Updated 01/31/2013 11:33 AM
Biotech firm credits CPRIT funds for experimental cancer-fighting drug
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A 100-page report
by the state auditor made public Monday slams the Cancer Research Institute of Texas, or CPRIT, with details of internal rule violations, misappropriated funds and grant applications not receiving proper scientific review.
For now, all CPRIT grants have been put on hold at the direction of the governor's office. Following news of the State Audit report, a $25 Million CPRIT grant recipient shut down operations, causing 30 people to lose their job.
The audit is critical of how Statewide Clinical Trials Network of Texas was spending large portions of the grant.
The report is evidence of an ongoing statewide investigation of the five-year-old state agency. Widely celebrated upon being approved by Texas voters in 2007, CPRIT is now under criminal investigation after spending much of the past year in turmoil over questions surrounding several lucrative awards.
But scientists at local biotech research company Mirna Therapeutics says the CPRIT multimillion dollar grant it received is helping its battle against cancer.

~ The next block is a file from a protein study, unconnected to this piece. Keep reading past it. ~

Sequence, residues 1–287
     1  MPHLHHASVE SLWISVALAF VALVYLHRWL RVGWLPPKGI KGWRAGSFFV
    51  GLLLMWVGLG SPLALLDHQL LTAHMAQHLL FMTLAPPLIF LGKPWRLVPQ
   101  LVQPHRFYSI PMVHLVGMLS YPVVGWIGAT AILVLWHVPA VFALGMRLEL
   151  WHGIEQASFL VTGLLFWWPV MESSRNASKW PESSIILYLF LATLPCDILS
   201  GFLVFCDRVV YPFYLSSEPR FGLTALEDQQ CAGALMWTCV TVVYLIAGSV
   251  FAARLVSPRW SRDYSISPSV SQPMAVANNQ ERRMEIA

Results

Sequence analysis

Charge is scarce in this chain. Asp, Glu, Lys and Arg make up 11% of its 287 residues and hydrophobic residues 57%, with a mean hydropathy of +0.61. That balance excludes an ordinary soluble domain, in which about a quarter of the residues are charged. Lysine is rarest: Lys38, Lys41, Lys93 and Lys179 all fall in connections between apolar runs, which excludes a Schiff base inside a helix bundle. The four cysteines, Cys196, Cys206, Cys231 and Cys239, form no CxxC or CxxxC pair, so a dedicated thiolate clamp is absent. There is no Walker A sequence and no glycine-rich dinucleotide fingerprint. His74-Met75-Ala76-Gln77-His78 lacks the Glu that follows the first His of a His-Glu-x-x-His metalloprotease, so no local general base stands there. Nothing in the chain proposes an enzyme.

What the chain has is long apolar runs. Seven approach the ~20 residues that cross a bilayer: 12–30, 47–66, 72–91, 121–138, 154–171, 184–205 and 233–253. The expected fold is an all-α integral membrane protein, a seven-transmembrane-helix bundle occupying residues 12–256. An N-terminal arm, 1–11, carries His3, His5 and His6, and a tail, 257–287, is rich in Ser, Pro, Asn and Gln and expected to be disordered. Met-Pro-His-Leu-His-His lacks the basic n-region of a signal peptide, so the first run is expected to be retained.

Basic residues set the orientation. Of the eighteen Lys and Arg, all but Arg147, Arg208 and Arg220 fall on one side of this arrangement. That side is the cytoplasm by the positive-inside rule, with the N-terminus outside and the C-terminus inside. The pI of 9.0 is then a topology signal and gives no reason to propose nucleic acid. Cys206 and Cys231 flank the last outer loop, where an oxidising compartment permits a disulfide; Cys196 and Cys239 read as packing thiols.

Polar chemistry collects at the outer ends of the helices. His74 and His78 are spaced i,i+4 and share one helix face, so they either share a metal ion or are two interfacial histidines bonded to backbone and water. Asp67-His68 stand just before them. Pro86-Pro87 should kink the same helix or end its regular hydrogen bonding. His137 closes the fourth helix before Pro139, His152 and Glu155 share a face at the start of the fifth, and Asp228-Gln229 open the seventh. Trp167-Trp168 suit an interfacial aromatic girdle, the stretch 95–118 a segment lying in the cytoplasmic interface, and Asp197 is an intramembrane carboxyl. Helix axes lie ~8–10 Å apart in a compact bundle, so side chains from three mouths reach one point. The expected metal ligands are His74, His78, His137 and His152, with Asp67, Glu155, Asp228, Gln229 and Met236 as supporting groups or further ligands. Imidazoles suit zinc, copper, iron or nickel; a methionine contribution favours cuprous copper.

The state’s Emerging Technology Fund gave $5 million to what scientists at the Mirna Therapeutics research lab call ‘pioneering research.’
The embattled CPRIT added another $10.3 million.
Mirna Therapeutics CEO Dr. Paul Lammers says the $15 million worth of public dollars has done its part inside his lab.
"Oh, absolutely vital, because it is very difficult time right now for funding in biotech," he said."Developing a new medicine, a new drug, doesn't matter if it's for cancer or for hypertension or diabetes, it is a long exercise.”
Scientists at Mirna have successfully created an experimental cocktail called the MRX34, which contains the mimic of a tumor suppressor called the miR-34. The miR-34 mimic can inhibit the growth of tumors related to lymphoma, liver, lung and prostate cancer. The drug is currently on its way to the U.S. Food Drug and Administration for clinical testing.
Lammers says the tumor suppressor wouldn’t have been created if it wasn’t for help from CPRIT funds.
“Beginning in 2008 was the first time we use that on animals where we saw tumors go away," Mirna Therapeutics Director of Research David Brown said.
Human clinical studies on MRX34 could begin in as early as two months.
The Associated Press contributed to this report.